But that's not necessarily science fiction.  Most certainly, by choosing to stick even remotely to the source material of the original John Carter of Mars novels by Edgar Rice Burroughs, John Carter director and showman Andrew Stanton had to chuck science reality out the window, more or less from the "and then I teleported to Mars" bit.  

I'm not sure there's a conceit for how many "gimmes" you get en route to telling your story with science fiction trappings, but it is limited no matter whether you're talking sci-fi or fantasy.   Fantasy doesn't get carte blanche.  Half the text in any fantasy world seems to be setting up the "rules" and then adhering to them or working around your fancy made-up wizarding notions.

Let's take Prometheus (please).  I actually will buy their cockamamie "seeding planets by disintegrating ourselves into the water stream and hoping for the best in 2 billion years" approach as your "gimme", but what I can't buy into is the crew that travels to and lands on another planet where no human foot has trod (I'm with you there), a crew that consists of highly trained scientists (right!) who immediately remove their helmets upon arrival (annnnd... you lost me).  Maybe a kid wouldn't worry about that, but this movie was also rated a hard "R".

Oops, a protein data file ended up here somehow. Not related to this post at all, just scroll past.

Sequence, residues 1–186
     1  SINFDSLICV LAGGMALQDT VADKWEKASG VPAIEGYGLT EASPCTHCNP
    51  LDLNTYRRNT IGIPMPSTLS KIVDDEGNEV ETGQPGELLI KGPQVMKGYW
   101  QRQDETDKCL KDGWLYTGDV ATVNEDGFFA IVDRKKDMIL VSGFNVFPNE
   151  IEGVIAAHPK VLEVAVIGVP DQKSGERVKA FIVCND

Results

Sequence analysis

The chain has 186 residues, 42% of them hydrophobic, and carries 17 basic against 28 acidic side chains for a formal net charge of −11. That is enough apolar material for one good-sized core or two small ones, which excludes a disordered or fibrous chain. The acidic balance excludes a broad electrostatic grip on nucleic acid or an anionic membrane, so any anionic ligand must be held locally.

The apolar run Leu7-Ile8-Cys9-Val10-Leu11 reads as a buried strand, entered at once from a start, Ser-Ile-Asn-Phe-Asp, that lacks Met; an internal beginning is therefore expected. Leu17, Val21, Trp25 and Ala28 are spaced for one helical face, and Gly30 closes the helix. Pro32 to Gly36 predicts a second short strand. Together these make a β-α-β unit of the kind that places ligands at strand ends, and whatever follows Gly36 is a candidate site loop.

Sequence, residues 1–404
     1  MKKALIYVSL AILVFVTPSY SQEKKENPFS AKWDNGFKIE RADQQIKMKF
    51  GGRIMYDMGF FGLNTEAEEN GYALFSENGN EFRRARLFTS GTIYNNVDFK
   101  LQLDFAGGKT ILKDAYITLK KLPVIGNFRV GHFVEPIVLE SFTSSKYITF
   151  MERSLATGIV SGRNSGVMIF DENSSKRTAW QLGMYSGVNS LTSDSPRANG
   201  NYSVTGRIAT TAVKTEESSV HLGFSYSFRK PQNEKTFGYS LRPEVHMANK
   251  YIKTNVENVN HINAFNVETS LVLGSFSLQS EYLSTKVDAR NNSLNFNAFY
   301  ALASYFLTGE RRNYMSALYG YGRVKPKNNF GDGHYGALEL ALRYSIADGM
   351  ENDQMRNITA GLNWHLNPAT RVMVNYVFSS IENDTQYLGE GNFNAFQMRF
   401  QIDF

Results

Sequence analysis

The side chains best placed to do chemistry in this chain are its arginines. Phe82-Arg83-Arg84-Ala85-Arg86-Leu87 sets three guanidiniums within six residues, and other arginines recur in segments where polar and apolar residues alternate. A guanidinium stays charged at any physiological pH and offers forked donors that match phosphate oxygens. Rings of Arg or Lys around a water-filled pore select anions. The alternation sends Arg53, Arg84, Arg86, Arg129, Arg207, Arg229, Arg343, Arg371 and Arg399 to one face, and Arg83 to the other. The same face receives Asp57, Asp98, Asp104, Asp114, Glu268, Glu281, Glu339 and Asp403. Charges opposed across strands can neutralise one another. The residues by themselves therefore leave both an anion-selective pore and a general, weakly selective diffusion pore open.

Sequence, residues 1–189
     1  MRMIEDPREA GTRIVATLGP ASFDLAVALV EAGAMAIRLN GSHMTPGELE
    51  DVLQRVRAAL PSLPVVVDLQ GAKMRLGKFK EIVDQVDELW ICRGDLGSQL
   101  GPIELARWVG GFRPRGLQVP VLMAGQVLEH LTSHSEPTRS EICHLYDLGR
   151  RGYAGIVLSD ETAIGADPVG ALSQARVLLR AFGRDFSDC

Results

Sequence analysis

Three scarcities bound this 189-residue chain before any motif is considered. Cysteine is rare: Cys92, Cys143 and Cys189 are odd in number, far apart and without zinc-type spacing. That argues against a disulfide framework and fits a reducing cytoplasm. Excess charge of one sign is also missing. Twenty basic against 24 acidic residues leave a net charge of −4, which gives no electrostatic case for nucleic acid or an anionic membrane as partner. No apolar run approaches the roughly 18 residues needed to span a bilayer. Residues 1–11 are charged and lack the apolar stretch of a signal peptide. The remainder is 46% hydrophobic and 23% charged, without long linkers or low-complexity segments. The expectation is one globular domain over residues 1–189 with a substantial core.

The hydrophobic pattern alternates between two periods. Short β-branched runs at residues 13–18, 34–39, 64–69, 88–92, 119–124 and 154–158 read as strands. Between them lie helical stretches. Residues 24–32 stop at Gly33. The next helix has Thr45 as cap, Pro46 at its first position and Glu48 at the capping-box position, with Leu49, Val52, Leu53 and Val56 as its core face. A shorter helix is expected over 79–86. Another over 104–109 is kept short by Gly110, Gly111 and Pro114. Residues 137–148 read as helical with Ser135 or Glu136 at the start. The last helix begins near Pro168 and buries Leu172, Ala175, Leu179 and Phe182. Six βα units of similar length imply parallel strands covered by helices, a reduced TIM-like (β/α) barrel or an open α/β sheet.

So.  Barsoom.

It's probably worth noting that in 1912, when A Princess of Mars appeared, we were only a decade from an amateur astronomer writing a few volumes of irresponsibly speculative conjecture about what he saw when he peeped through his telescope at our neighboring hunk of space rock.  Those books were pretty popular in the US.  Some people actually thought there were canals, we just didn't know what or why.

Clearly nobody thought ERB's adventures of John Carter were real (and far fewer bought into the 1938 War of the Worlds broadcast than popular myth and lore would lead you to believe, so eject that thought before you give it martian canal traction), but the loose, everyday knowledge of the canals gave him a nice springboard, probably not too different from how the rise of AOL led to the Sandra Bullock thriller The Net.